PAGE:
A lot of people will tell you that to get the best crabcake, you need to go to Maryland or for the best tacos, you need to go to California. Sometimes that place will be right near you, but other times you might have to go on a bit of an adventure. Since it's the summer, now might be a great time to start thinking about taking a food-centric road trip.
There are several ways to start planning an epic food journey. You could travel across the country to seek out one or two certain restaurants or just stop anywhere along the way and eat whatever looks good. Â Chance can produce some great meals, but planning yourÂ road tripÂ around food will inevitably make for a tastier vacation. To help get you started, check out some of these greatÂ travel books.
- Jane and Michael Sterns' Roadfood has been a go-to travel food guide since it was first published back in 1978. As a definitive "Coast-to-Coast Guide to 800 of the Best Barbecue Joints, Lobster Shacks, Ice Cream Parlors, Highway Diners, and Much, Much More," Roadfood has long been a popular item for travellers looking for something local and interesting. The restaurants in the book are organized by region so you can choose your food based on where you want to visit. There is also a Roadfood website, with more tips on restaurants and recipes, and a list of possible eating tours.
- Also from the Sterns comes 500 Things to Eat Before It's Too Late, another travel book which picks out specific dishes local to different parts of the country to encourage travelers to seek them out for themselves.
- For a strictly southern road trip, there is Southern Living's Off the Eaten Path. This book offers restaurant picks, food finds, and several recipes, all geared at highlighting the delicious simplicity of Southern cooking. Whether your looking for the perfect pulled pork, the greatest grits, or a southern favorite, fried green tomatoes, take a look at this book for a bit of guidance.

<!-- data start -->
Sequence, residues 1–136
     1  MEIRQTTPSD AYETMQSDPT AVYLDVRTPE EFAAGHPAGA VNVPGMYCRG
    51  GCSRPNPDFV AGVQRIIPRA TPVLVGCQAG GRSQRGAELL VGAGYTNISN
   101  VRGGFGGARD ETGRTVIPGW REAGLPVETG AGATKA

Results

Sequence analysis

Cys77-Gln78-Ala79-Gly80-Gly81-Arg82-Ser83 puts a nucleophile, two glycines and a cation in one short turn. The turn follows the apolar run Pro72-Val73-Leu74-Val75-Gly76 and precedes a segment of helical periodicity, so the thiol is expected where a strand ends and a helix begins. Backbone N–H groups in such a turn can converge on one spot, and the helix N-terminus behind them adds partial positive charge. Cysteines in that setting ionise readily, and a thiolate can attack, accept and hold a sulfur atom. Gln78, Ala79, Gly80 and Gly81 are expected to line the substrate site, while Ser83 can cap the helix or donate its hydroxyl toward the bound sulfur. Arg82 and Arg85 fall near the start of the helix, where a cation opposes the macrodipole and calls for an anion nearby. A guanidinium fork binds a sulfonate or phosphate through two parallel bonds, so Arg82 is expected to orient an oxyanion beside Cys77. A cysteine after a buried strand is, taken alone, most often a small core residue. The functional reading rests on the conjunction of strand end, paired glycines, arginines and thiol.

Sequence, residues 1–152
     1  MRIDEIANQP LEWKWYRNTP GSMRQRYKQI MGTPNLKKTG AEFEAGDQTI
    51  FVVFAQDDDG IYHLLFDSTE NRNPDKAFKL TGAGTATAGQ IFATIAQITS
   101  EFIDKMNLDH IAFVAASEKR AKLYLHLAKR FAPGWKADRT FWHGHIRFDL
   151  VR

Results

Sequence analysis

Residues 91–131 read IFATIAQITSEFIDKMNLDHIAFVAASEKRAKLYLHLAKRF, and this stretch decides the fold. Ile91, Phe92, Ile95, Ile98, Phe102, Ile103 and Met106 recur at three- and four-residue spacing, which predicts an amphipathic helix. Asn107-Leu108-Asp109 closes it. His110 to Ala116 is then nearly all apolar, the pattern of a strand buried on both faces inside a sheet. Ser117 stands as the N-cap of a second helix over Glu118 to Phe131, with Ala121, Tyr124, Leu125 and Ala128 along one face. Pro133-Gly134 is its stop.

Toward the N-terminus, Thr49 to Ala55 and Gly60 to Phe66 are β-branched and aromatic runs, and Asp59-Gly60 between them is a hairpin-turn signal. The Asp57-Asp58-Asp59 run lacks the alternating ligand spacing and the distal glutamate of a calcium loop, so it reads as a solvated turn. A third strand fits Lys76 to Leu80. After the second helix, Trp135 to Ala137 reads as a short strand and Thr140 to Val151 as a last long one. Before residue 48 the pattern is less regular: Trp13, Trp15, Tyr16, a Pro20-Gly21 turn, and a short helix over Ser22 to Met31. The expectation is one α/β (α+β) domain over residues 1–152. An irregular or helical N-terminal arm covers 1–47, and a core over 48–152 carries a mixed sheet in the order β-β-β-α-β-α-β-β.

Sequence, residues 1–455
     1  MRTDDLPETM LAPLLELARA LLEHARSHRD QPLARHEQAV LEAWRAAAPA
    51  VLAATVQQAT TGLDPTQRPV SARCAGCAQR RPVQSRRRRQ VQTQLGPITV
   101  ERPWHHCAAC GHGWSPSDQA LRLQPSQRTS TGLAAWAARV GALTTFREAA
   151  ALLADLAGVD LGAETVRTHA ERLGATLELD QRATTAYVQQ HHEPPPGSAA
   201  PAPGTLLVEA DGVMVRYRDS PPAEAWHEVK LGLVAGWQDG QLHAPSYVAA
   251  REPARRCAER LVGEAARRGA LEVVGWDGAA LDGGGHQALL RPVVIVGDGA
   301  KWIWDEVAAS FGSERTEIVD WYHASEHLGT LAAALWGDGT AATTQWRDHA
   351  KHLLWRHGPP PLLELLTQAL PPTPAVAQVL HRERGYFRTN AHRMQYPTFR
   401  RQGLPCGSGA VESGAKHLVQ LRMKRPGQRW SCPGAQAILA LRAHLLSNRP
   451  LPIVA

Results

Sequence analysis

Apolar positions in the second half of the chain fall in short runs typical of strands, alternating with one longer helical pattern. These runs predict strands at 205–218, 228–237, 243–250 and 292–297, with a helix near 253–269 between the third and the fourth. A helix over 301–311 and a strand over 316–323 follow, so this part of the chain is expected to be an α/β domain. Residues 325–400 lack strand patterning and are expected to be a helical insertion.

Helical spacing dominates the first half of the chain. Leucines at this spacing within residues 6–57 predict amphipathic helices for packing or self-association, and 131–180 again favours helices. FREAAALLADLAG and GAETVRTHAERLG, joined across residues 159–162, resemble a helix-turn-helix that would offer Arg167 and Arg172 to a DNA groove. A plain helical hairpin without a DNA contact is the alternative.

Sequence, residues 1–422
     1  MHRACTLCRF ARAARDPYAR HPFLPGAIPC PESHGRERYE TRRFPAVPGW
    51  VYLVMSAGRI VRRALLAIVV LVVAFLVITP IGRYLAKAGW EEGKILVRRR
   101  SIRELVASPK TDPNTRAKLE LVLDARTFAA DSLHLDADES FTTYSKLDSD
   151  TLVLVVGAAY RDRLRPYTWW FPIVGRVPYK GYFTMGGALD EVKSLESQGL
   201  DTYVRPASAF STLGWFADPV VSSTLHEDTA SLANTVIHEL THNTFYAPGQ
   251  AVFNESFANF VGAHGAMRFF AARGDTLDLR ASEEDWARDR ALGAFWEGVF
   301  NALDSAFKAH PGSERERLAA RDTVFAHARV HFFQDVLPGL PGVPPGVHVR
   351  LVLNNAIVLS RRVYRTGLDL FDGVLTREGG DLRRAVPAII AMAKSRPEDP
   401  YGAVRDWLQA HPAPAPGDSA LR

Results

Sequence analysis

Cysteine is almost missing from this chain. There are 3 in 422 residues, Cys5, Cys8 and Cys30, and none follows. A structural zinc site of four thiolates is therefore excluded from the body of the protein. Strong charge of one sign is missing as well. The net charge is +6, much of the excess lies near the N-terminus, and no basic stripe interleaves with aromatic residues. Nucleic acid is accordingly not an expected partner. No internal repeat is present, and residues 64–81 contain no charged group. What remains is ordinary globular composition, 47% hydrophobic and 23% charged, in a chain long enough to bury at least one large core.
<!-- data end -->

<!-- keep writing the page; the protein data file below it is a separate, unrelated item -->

- There are also a number of dish-specific travel books available. For example, Hamburger America and The Great American Hot Dog Book each focus on one dish and its availabilities and variations across the country. So if you just want to search out the perfect burger or dog, one of these might be right for you. And because these dishes are so simple at their core, it's amazing to see how different states put their twists on them. Options like the one-pound "hubcap burger" at Cotham's Mercantile in Arkansas or the "ghetto burger" at Ann's Snack Shop in Scott, Atlanta, Georgia are among the suggested stops for hamburger indulgence.
- Along with food travel guides, there are also a number of books that might not tell you exactly where to go, but instead give you some inspiration for your travels. Travel Channel's "Man V. Food" host Adam Richman has chronicled his experiences with American cuisine in America the Edible. Â If you aren't looking for specific places to go, but just for a bit of area insight, a book like this might be a good option.
Where are your must visit food stops on a road trip?
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